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Transl Psychiatry. 2018 Sep 21;8(1):196. doi: 10.1038/s41398-018-0250-3.

Brain responses to different types of salience in antipsychotic naïve first episode psychosis: An fMRI study.

Author information

1
Department of Psychiatry, University of Cambridge, Cambridge, UK. fk291@cam.ac.uk.
2
Behavioural and Clinical Neuroscience Institute, University of Cambridge, Cambridge, UK. fk291@cam.ac.uk.
3
Unit for Social & Community Psychiatry, WHO Collaborating Centre for Mental Health Services Development, East London NHS Foundation Trust, Cambridge, UK.
4
IMIM (Hospital del Mar Medical Research Institute)., Centro de Investigación Biomédica en Red de Salud Mental (CIBERSAM), Barcelona, Spain.
5
Cambridgeshire and Peterborough NHS Foundation Trust, Cambridge, UK.
6
Institute of Metabolic Science, University of Cambridge, Cambridge, UK.
7
Institute of Psychology, University of Lübeck, Lübeck, Germany.
8
Otto-von-Guericke University Magdeburg, Institute of Cognitive Neurology and Dementia Research, Magdeburg, Germany.
9
German Centre for Neurodegenerative Diseases (DZNE), Magdeburg, Germany.
10
Behavioural and Clinical Neuroscience Institute, University of Cambridge, Cambridge, UK.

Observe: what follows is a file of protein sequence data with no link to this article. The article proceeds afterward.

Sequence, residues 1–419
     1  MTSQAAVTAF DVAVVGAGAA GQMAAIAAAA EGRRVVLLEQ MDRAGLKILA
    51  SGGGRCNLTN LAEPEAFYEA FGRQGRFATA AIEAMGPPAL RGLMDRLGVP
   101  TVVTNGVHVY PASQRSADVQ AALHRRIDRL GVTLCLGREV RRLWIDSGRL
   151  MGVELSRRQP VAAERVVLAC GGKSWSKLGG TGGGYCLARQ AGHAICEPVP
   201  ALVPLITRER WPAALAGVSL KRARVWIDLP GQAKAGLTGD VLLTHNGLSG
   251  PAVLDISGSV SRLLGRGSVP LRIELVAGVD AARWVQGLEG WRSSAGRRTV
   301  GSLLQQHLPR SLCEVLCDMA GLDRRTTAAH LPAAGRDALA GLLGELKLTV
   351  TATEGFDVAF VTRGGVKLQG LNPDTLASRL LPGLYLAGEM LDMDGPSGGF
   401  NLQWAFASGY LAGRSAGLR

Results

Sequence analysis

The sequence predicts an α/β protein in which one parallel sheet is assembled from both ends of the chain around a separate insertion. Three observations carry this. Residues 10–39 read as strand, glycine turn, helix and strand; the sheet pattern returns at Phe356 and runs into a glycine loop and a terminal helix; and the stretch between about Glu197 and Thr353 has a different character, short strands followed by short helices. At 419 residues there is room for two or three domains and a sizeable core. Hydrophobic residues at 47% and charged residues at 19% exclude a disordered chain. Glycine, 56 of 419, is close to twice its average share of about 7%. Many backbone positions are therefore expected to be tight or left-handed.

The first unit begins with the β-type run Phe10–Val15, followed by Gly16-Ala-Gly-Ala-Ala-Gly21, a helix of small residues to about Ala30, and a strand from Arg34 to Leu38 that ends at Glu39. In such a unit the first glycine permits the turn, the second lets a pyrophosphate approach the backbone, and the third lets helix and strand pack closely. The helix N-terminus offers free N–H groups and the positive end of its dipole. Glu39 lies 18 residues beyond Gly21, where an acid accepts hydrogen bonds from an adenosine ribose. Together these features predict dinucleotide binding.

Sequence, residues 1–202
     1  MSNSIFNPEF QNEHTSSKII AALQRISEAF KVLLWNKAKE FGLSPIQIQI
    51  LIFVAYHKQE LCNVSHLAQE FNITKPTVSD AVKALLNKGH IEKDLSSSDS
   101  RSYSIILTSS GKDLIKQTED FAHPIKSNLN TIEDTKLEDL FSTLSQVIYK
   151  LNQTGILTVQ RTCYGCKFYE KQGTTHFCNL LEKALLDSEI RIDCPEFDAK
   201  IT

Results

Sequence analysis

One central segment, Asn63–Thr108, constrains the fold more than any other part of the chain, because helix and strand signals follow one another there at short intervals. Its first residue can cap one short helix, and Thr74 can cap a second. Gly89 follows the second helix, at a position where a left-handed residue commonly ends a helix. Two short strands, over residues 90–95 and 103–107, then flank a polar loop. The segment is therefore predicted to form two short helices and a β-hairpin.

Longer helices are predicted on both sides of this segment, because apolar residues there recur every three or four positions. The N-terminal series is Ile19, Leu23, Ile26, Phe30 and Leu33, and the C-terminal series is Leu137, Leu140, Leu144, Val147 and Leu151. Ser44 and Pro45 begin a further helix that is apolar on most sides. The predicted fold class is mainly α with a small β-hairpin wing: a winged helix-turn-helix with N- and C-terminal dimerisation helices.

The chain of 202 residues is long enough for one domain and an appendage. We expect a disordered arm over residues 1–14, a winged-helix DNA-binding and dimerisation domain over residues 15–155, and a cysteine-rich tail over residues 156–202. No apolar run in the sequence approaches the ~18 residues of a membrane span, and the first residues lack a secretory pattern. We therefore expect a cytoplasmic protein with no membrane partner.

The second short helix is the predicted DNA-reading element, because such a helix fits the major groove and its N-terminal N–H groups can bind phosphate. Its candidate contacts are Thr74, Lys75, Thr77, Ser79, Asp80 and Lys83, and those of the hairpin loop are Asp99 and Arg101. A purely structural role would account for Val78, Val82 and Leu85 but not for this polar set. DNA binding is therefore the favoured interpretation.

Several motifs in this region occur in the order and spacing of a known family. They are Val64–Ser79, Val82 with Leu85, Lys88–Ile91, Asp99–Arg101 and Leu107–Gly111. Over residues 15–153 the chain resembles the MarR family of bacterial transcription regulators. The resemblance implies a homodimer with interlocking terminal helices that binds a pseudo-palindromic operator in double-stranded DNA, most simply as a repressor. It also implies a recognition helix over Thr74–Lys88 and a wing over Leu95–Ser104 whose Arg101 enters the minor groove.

Abstract

Abnormal salience processing has been suggested to contribute to the formation of positive psychotic symptoms in schizophrenia and related conditions. Previous research utilising reward learning or anticipation paradigms has demonstrated cortical and subcortical abnormalities in people with psychosis, specifically in the prefrontal cortex, the dopaminergic midbrain and the striatum. In these paradigms, reward prediction errors attribute motivational salience to stimuli. However, little is known about possible abnormalities across different forms of salience processing in psychosis patients, and whether any such abnormalities involve the dopaminergic midbrain. The aim of our study was, therefore, to investigate possible alterations in psychosis in neural activity in response to various forms of salience: novelty, negative emotion, targetness (task-driven salience) and rareness/deviance. We studied 14 antipsychotic naïve participants with first episode psychosis, and 37 healthy volunteers. During fMRI scanning, participants performed a visual oddball task containing these four forms of salience. Psychosis patients showed abnormally reduced signalling in the substantia nigra/ventral tegmental area (SN/VTA) for novelty, negative emotional salience and targetness; reduced striatal and occipital (lingual gyrus) signalling to novelty and negative emotional salience, reduced signalling in the amygdala, anterior cingulate cortex and parahippocamal gyrus to negative emotional salience, and reduced cerebellar signalling to novelty and negative emotional salience. Our results indicate alterations of several forms of salience processing in patients with psychosis in the midbrain SN/VTA, with additional subcortical and cortical regions also showing alterations in salience signalling, the exact pattern of alterations depending on the form of salience in question.

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